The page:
The magnetron consists of a cylindrical cathode, heated by a filament, surrounded by a resonant cavity anode structure. This is mounted inside the magnetron magnet which is an electromagnetic coil. The magnetron filament voltage is controlled by software to maintain the cathode temperature to supply a constant number of electrons. High voltage pulse is applied to the magnetron cathode. The negative pulse emits electrons from the cathode towards the anode. Due to the electromagnetic field from the magnetron magnet, the electrons are forced to follow a curved path between the cathode and anode. The passage of the electrons past the cavities causes a build up of radio frequency. The frequency of the RF generated by the magnetron is determined by the cavity dimensions. As the magnetron is pulsed, the anode structure heats and thus expands causing a charge in frequency. To maintain a constant frequency, the volume of the cavity is controlled by inserting tuning fingers. The operating frequency is controlled by a combination of software and electronics.

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RF Mode Transformer
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Ion Pump
An ion pump (also referred to as a sputter ion pump) is a type of vacuum pump capable of reaching pressures as low as 10−11 mbar under ideal conditions. An ion pump ionized gas within the vessel it is attached to and employs a strong electrical potential, typically 3–7 kV, which allows the ions to accelerate into and be captured by a solid electrode and its residue.

The pump consists of two flat rectangular cathodes with an anode between them made up of large number of open ended tubes. 

A permant magnet surrounds the pump. Th power supply provides -5kV to the anode with the cathodes at ground.

Electrons from the cathode move towards the anode and move in a circular motion due to the magnetic field, resulting in increased probability that the electrons will collide with gas molecules that enter the pump from the circular waveguide. 

The collisions produce positive ions which are captures on the cathodes. As the ionds collide with the cathodes, more electrons are emitted and the process continues.
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Flight Tube in Bending Magnet Section

This is the flight tube in the beam bending system which is used to control the electron beam through to the flight tube and target after the electron acceleration process.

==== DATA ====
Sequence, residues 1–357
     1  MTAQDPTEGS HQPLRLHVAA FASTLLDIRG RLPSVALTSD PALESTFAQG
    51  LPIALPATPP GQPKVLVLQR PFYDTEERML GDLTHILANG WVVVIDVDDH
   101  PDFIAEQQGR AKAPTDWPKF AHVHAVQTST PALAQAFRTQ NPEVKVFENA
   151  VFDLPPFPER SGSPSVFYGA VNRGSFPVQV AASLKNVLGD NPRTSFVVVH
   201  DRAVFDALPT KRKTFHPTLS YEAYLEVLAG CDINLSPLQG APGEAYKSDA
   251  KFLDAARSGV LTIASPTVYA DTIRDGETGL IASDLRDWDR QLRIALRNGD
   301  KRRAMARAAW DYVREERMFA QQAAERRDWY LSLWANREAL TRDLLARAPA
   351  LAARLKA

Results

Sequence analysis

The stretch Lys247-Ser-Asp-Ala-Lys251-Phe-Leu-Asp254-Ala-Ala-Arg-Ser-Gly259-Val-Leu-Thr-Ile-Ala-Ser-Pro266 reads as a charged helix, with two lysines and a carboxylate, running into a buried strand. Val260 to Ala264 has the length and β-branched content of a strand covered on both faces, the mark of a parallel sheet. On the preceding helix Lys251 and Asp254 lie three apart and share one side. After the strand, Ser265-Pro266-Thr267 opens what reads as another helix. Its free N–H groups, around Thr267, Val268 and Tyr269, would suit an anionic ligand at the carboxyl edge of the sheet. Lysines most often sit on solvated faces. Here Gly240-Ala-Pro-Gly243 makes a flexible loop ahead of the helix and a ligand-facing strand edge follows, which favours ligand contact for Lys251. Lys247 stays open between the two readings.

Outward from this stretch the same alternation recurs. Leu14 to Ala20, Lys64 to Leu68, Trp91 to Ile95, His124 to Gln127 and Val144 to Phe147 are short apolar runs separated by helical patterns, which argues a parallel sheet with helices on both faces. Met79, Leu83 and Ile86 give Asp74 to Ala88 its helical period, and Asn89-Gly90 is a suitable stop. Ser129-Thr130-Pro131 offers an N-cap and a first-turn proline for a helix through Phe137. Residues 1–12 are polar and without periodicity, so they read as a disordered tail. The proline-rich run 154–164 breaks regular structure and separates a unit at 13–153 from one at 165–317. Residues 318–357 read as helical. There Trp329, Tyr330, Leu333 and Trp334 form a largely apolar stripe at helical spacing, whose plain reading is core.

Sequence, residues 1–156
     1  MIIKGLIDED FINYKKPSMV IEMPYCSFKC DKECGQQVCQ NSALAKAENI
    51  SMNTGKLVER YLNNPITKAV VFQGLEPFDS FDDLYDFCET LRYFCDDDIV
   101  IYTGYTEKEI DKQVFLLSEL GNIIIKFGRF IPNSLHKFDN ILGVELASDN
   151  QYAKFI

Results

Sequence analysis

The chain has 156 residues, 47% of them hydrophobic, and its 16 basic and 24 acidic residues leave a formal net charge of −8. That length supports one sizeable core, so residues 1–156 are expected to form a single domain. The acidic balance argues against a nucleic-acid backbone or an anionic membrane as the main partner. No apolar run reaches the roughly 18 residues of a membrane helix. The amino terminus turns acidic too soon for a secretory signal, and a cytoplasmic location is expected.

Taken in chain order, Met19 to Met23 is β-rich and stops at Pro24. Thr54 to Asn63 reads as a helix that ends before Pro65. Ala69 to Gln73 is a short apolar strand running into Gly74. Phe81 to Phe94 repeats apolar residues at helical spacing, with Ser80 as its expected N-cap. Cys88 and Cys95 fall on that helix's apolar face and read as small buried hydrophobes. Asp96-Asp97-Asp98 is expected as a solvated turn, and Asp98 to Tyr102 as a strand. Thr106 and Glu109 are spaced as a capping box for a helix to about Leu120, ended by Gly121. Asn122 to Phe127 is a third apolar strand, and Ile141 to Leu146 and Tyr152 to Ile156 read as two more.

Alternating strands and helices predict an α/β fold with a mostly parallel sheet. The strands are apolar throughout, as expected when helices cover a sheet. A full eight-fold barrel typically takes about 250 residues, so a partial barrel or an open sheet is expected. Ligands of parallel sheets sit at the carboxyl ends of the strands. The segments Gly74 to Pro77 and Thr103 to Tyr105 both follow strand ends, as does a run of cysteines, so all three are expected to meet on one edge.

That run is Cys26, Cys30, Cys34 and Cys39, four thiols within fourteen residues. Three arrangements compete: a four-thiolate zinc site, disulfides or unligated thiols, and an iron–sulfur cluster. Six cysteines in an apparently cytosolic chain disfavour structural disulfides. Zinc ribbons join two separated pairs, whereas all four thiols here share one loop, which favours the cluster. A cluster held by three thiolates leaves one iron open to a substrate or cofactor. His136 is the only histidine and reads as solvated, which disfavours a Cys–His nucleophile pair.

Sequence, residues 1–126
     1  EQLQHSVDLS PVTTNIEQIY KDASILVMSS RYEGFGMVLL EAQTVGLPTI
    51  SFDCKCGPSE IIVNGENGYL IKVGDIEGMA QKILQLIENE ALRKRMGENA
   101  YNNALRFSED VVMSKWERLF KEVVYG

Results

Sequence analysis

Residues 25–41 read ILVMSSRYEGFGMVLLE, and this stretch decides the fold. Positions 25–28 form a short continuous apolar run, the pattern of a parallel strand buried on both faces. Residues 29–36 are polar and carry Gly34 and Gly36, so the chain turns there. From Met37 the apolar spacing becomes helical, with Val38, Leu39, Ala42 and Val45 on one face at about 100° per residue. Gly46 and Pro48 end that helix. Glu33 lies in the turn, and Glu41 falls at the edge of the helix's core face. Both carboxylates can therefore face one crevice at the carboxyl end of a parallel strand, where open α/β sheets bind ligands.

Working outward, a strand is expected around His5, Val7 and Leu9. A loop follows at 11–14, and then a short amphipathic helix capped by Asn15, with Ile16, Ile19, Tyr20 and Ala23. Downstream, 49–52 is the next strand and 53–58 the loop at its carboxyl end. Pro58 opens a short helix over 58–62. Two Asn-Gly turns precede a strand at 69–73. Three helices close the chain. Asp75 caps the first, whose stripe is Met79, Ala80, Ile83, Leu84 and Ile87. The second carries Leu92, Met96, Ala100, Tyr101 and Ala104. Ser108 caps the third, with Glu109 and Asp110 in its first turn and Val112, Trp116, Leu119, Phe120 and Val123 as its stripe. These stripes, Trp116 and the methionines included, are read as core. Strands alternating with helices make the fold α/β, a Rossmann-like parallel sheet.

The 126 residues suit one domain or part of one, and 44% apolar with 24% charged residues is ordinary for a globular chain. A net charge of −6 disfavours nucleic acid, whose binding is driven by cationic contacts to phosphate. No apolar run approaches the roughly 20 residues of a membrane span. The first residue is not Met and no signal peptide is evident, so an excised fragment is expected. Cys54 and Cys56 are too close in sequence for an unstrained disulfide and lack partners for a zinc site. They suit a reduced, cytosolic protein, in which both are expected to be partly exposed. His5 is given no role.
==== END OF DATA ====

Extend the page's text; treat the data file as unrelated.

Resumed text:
On emerging from the waveguide, the electron beam passes through a bellows section. The bellows allow the entire flight tube assembly to be moved within the beam beading system by a mechanism known as the target shift, whilst still maintaining the vacuum in the accelerating waveguide. 

 

From the bellows, the electron beam is transported through the beam bending system comprising an achromatic triple magnet array in an evacuated flight tube. The magnet array provides double focusing of the electron beam. Under its influence, the beam is deflected through 112 degrees ( from 22 degrees above horizontal to 90 degrees below).

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Electron Gun

The electron gun, located at the left in the drawing, is where electron acceleration begins. The electrons start out attached to the molecules in a one-cubic-centimeter chunk of barium aluminate. This is the cathode of the electron gun. A cathode is a surface that has a negative electrical charge. In linac electron guns this charge is usually created by heating the cathode. Barium aluminate is a "thermionic" material; this means that it's electrons tend to break free of their atoms when heated. These electrons "boil" near the surface of the cathode.

The gate is like a switch. It consists of a copper screen, or "grid," and is an anode. An anode is a surface with a positive electrical charge. Every 500 millionth of a second the gate is given a strong positive charge that causes electrons to fly toward it from the cathode in tremendous numbers. As these electrons reach the gate, they become attracted even more strongly by the main anode, and pass through the gate.

Because the gate is pulsing at a rate of 500 million times per second (500 MHz), the electrons arrive at the anode in loose bunches, a 500 millionth of a second apart. The anode is a torus (a doughnut) shaped to create an electromagnetic field that guides most of the electrons through the hole into the next part of the accelerator, called the buncher.

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Room Laser

Room laser is used to ensure the patient is in the proper position. The accuracy of the laser guides in determining the isocenter position. Isocenter is a virtual point where the rotational axis of ganry, collimator and couch meets. 2 Sides lasers, sagittal and ceiling lasers are mounted on walls of bunker.

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Mylar Mirror
Thin Mylar mirror is placed on the beam central axis under the dose monitor to enable patient set-up and show the position of the radiation beam.